After it announced less-than-stellar earnings this morning, investors started bagging Motley Fool Stock Advisor pick Coach
Coach's fourth-quarter net income fell 32% to $146 million, or $0.46 per share. Revenue dropped roughly 1% to $778 million.
Interestingly, Coach said it did not discount products in retail stores this fiscal year, yet gross margin still fell to 70.4% of sales, from 75.9% this time last year. The company said that maintaining full prices boosted "robust sales" in its factory channel. Does that imply that nobody wants to pay full price for Coach at a retail store? (Color me shocked.)
To further its growth ambitions, Coach said it's acquiring its retail stores in China, in what the company called a long-term investment. Coach can certainly justify such expenditures, even with profits down and sales stagnant, by pointing to its strong cash flow and negligible debt. And in fairness to the retailer, tough times can often present the best opportunities for a company to invest in its future -- however nerve-wracking such spending may be for skittish investors.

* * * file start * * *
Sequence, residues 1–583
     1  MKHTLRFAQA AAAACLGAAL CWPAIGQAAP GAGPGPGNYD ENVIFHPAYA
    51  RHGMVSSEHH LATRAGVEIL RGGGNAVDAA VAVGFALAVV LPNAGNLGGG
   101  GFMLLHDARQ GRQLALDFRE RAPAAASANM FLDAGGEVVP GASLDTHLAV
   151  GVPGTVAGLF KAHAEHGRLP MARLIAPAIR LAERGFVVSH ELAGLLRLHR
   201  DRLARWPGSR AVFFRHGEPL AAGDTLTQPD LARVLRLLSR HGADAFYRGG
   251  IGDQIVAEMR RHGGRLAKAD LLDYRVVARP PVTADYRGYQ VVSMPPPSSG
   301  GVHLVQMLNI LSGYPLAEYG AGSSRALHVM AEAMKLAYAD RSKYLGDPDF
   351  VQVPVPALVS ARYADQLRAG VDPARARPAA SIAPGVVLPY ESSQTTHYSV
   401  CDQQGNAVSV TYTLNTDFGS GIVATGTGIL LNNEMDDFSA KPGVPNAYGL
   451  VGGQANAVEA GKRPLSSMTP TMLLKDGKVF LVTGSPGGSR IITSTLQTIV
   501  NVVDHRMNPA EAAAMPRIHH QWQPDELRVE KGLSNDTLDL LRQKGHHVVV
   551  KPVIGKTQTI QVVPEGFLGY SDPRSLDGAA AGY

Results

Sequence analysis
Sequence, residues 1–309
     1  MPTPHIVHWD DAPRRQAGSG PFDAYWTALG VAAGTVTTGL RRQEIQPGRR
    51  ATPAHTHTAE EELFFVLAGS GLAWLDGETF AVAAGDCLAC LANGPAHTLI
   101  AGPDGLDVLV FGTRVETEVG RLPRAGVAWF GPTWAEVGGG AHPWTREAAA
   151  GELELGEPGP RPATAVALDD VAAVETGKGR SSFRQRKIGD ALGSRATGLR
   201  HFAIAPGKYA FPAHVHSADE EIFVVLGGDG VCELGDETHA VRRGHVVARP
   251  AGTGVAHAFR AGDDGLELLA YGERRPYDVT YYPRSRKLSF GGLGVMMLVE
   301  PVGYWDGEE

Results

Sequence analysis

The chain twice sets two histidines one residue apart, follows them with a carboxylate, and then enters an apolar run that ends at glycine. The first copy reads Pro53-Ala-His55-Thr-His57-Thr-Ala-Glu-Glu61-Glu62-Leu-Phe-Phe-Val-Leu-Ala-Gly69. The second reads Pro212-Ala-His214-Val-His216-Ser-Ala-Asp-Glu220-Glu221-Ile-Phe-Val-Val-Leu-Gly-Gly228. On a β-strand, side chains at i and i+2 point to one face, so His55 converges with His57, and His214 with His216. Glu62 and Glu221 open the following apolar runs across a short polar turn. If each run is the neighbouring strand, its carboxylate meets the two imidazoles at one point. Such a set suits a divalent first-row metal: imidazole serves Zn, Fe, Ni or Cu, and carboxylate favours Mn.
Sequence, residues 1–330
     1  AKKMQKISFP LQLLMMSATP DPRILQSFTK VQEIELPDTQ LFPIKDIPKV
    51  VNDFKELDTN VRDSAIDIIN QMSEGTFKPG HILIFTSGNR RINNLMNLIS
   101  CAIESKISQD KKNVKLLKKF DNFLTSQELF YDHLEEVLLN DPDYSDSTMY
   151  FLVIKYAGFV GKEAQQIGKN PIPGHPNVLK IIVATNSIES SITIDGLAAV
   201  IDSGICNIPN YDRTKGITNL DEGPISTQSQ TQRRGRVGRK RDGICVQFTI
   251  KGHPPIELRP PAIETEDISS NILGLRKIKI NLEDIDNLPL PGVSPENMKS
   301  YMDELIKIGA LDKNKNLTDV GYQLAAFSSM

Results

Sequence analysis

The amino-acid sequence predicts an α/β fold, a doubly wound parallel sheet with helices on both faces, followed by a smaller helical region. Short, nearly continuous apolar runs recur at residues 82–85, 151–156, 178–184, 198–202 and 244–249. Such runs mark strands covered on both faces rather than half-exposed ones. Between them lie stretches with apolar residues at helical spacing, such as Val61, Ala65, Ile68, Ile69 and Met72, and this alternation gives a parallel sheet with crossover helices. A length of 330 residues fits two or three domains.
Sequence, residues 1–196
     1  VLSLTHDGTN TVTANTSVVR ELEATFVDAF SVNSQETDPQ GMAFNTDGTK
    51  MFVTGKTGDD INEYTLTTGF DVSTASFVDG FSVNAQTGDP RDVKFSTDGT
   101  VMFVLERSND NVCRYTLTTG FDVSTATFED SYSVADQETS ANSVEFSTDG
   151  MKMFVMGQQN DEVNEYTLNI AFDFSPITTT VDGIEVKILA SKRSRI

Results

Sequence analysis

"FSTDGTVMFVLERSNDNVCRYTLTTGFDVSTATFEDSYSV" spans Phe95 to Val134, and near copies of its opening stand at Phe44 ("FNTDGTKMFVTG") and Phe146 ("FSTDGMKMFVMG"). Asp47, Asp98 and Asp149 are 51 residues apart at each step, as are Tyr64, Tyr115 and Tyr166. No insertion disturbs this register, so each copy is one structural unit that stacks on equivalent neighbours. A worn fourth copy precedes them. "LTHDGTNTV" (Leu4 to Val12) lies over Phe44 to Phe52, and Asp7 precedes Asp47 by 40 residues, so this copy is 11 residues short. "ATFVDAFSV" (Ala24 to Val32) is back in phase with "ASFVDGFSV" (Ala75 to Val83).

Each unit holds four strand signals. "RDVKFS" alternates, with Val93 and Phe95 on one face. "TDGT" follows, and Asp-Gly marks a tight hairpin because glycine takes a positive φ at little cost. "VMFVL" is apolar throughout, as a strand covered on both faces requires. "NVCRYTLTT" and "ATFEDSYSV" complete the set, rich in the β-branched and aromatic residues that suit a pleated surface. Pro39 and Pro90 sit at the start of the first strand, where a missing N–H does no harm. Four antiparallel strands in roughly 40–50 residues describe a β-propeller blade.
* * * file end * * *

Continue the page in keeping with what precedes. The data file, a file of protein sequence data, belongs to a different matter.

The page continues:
The same day Coach reported its numbers, we saw new evidence that consumer confidence continues to ebb (much like last month's disappointing data). Amid this new frugality, luxury retailers like Coach, Nordstrom
Nonetheless, Coach is a good candidate for survival. It's a venerated brand known for high-quality products, and it does have bags of cash. Its strong sales also demonstrate that Coach hasn't suffered the sort of declines currently taking a bite out of downmarket Crocs
I still believe Coach could be a solid stock for long-term investors -- assuming consumers keep viewing Coach's goods as luxuries deserving of their hard-earned dollars.
Is Coach done for, or just taking a breather? Chime in with your thoughts in the comment box below.
Further Foolishness is in the bag:
- If fiscal responsibility is killing retail, Coach might be a big loser.
- Coach rode again in April, but in January, it got reined in.
- Here are three bargain stocks for this tough market.